MONTREAL -- It’s the stuff of nightmares.

Exterminators have seen more calls lately about rat and mice infestations. And while some are for homes, they're getting more calls to office towers as well -- because, with humans home, they're being taken over.

“What we’re seeing is these buildings are more or less vacant or virtually empty, so that’s allowing rodents like mice and rats to have a run of the entire place,” said Bill Dowd, the owner of Skedaddle Humane Wildlife Control.

Business is booming, he said. Calls and revenues have jumped about 30 per cent since the pandemic began. 

Dowd said rats are normally shy critters, but with workers gone from many offices, those spaces can be appealing places to colonize.

That's a problem for a few reasons. Rats can cause a lot of damage such as chewing through electrical wiring and support joists, and even causing fires.

They’re also concerning from a health standpoint. 

“Some of our work has found that Interacting with rats in our homes or in a business can have negative mental health impacts on people,” said Kaylee Byers, a post-doctoral fellow at the University of British Columbia’s School of Population and Public Health.

“Rats also carry a number of bacteria that can make people sick. When we think about rats we often think about the plague, but there are many other things rats can carry.”

Exactly what pathogens the rodents carry varies between cities and even neighbourhoods. Byers said that part of the challenge in keeping down rat populations in urban centres is that they’re incredibly adaptable.

“They’re in cities all over the world, so they can adapt to lots of different environments, they can survive on lots of different types of food sources … which has allowed them to do really well,” she said.


So how are they getting inside? According to Dowd, it’s actually pretty easy for rodents to gain access to a building.

All a mouse needs is an opening the size of a dime, and he says that a rat can squeeze its body through an opening the size of a quarter. Sometimes they’ll get in through the pipes.

“Rodents do travel our sewer systems,” he said.

“In older commercial properties and even residential for that matter, there may be an old sewer pipe that’s coming in from the street into the building, and over the years people do renovations and modifications and they cut that plumbing pipe, but that opening is still open from the street into the basement or into the structure.”

He says that occasionally, rats come up through the toilet – and not only rats, but even squirrels and snakes.

In commercial buildings that aren’t in use, the water is sometimes drained from the toilets, giving rats easy access from sewers. But Dowd said even when the water is still there, it doesn't deter these agile critters, because they’re excellent swimmers.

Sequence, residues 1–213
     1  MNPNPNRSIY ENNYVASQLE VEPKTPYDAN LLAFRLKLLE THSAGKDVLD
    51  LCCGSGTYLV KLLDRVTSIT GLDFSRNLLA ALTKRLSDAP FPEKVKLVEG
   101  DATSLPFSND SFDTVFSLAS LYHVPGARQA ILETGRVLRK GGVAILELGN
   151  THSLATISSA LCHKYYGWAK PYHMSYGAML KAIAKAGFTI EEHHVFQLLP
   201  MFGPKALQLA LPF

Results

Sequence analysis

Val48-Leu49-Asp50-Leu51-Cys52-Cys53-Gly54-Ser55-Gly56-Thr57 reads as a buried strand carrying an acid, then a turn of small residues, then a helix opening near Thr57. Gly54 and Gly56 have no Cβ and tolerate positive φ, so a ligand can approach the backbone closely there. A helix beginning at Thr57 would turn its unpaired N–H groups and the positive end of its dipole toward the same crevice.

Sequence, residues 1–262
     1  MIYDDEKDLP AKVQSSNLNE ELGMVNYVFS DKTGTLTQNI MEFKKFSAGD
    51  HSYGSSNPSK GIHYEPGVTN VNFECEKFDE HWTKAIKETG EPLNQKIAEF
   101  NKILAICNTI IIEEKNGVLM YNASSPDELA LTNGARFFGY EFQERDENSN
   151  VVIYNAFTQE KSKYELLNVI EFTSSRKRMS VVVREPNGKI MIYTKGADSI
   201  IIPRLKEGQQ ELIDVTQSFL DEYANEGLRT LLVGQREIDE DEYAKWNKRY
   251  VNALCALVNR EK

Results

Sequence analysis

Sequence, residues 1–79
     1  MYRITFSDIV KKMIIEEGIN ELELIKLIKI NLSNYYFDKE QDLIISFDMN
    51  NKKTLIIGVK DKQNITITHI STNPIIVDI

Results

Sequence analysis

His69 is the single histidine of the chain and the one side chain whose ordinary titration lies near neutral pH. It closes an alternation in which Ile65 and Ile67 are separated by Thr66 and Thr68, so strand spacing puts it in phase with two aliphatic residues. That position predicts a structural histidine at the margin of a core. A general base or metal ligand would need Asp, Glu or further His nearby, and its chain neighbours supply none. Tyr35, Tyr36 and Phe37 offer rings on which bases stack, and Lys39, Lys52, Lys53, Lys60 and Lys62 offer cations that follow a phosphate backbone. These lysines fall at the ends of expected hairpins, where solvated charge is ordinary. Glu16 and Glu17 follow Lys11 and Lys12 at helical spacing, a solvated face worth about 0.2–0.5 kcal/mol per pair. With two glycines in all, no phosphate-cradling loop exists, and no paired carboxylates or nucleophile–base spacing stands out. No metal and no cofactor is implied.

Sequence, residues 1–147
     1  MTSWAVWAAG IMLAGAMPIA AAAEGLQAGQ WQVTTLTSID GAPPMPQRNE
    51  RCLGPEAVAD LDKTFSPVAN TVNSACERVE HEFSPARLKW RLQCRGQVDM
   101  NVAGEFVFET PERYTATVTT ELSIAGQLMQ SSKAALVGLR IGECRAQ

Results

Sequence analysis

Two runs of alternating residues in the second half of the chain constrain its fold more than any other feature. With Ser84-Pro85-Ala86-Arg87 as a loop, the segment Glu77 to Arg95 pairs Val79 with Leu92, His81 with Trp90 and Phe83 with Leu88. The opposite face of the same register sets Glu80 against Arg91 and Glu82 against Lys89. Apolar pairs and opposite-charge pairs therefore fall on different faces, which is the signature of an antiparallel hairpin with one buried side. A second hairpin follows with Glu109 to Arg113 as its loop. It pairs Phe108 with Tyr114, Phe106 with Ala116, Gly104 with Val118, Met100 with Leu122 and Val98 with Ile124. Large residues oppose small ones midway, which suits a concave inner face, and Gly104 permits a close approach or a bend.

National Geographic posted a video in 2015 that showed a rat easily navigating a toilet’s plumbing. 


While one or two rats or mice in your building might seem like a manageable problem, if you see them, what you’re likely dealing with is a full-on infestation.

“For every one mouse, or one rat you see, typically there’s anywhere from 20 to 30 others,” said Dowd. “Usually when you see one, it’s already too late -- you have an infestation there.”

Both rats and mice are prolific breeders.

“They reproduce every 21 days and then those new babies can reproduce in 21 days, so the numbers go up exponentially, and very quickly," he said.


Dowd says his company is also getting more calls for rodent infestations in residential properties, likely for the opposite reason -- because people are spending more time at home.

“People are working from home, so they’re more in tune and they’re hearing that rat or mouse, rat, racoon or squirrel in their walls, and they’re acting immediately to save their biggest investment of their life, their home,” he said.

Dowd says property owners should be checking their buildings on a regular basis, and they should contact a pest control professional if they see or hear evidence that rats or other rodents might be inside the building.

When the problem has been ignored for a long time, he said, it's obvious. In the worst experiences, his workers have lifted up ceiling panels and rodent feces have rained down on them.

Dowd may be swamped with calls already, but he believes it’s just the beginning of what he’s going to see in offices, whenever, one day, this is over.

“I’m anticipating when we all get back to our normal life after the pandemic," he said, "that we’re going to get inundated with calls.“